Attorney Workplace Investigations: Neither Impartial Nor Independent


— A counterpoint to the September 2022 California Labor & Employment Law Review article on workplace investigations by Lindsay H arris and Amy Oppenheimer

by Andrew H. Friedman & Courtney Abrams

Attorneys Conducting Impartial Workplace Investigations: Reclaiming the Independent Lawyer Role, written by our friends and colleagues Lindsay Harris and Amy Oppenheimer, certainly has a ring of “truthiness.” But, desiring something to be true does not make it so. Indeed, while Harris and Oppenheimer argue that attorney-client-privileged investigations can be impartial and that attorney workplace investigators can be independent from their clients (the defendant employers who retain them), we posit the exact opposite.

While acknowledging that “impartiality ‘resists easy definition,’” Harris and Oppenheimer proceed to restrict their view of that term to mean simply that the investigator is “free from bias.” Contrary to the narrow manner in which Harris and Oppenheimer view the term “impartial investigation,” however, a truly “impartial” investigation would be one in which the investigator is not only free from bias but also treats all parties equally and is not influenced or controlled in any way by the complainant’s employer. Indeed, applying the Harris/Oppenheimer view of “impartial” to the world of baseball, they would conclude that a baseball game was fair even if the umpire hired by the Dodgers to officiate a Dodgers/Yankees game agreed to abide by the Dodgers’ rules of the game, such that the umpire could only call strikes when the Dodgers were pitching and could only call balls when the Dodgers were batting, so long as the umpire was “free from bias.”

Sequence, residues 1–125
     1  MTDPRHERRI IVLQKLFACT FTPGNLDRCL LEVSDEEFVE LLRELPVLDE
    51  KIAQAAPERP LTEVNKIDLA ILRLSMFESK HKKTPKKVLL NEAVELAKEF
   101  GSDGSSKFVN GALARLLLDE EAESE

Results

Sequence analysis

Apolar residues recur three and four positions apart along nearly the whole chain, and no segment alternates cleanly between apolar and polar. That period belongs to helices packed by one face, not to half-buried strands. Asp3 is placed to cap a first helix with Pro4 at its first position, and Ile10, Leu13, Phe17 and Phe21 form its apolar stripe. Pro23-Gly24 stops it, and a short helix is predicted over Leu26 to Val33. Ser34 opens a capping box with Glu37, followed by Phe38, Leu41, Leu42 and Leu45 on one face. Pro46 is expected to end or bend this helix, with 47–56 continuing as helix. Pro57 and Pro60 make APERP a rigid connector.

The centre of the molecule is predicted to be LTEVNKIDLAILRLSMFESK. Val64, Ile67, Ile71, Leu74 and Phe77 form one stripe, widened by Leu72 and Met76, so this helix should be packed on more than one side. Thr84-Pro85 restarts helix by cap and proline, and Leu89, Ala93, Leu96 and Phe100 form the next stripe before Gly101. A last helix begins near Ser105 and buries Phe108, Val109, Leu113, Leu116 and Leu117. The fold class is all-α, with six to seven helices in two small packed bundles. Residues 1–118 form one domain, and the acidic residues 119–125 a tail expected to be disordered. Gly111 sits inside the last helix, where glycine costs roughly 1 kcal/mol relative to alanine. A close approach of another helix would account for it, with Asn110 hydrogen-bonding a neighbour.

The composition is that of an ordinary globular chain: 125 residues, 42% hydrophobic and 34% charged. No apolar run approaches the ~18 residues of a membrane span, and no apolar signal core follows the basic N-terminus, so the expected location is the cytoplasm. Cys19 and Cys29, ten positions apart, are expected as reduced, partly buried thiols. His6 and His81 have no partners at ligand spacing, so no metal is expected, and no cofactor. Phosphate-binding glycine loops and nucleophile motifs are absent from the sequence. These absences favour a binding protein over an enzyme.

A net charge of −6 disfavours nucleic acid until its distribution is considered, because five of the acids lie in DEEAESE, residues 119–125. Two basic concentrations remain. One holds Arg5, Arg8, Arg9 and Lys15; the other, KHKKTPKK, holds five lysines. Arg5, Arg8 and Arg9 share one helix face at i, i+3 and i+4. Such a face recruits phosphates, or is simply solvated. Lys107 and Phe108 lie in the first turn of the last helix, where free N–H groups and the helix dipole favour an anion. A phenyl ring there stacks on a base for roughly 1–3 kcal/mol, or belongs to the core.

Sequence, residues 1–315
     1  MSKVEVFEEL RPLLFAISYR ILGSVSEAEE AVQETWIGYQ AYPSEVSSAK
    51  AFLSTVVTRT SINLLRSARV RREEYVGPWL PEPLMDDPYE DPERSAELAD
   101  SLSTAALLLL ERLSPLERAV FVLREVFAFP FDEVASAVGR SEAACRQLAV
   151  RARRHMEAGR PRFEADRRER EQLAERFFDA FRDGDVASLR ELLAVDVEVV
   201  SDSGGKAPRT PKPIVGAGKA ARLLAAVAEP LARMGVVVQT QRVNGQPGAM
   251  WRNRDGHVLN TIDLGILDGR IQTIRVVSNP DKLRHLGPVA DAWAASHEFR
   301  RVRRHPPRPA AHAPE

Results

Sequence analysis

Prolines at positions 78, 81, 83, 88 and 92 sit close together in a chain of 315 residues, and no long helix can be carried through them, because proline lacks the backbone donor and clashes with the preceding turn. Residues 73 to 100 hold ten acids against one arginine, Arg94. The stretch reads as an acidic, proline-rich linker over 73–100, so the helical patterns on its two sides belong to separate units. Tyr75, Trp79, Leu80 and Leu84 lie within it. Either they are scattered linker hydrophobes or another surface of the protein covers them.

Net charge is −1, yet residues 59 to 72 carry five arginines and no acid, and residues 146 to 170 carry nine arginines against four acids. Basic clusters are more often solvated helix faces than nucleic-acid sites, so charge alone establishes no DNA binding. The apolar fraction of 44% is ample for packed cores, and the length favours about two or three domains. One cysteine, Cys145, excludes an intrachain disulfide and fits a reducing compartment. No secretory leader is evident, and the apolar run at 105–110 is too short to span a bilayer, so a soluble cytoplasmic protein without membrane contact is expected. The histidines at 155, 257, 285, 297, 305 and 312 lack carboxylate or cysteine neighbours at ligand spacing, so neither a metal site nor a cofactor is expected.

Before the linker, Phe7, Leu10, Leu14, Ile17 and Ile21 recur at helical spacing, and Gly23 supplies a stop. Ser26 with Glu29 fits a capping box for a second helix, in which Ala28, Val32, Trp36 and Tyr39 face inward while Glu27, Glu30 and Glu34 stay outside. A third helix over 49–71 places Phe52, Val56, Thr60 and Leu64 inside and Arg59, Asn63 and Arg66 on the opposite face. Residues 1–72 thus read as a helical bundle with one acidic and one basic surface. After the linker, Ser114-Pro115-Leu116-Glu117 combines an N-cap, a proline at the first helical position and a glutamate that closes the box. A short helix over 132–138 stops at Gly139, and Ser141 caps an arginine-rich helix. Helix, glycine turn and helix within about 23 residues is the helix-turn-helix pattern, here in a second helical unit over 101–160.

For at least three reasons, we posit that attorney-client privileged workplace investigations are not impartial and that investigators conducting such investigations are not independent.

First, when an attorney conducts an attorney-client privileged investigation, the attorney is constrained not only by the attorney-client privilege but also other ethical considerations. As explained in detail below, attorney-client-privileged investigations are inherently structured to benefit the investigators’ client employers from start to finish.

Second, the well documented “repeat player bias” prevents attorney investigators from being impartial. Indeed, because investigators know that “their clients may rely on the investigation to defend against claims made in subsequent litigation,” the investigators have a strong financial incentive to structure the investigation and its outcome so as to bolster their clients’ defenses (i.e., repeat business from not only their employer clients but also their clients’ employment law defense firms). Additionally, given that many investigators require, as part of their standard retainers/engagement agreements, that their clients indemnify and defend them from claims that may arise from the investigation, these investigators are even further financially dependent upon their clients.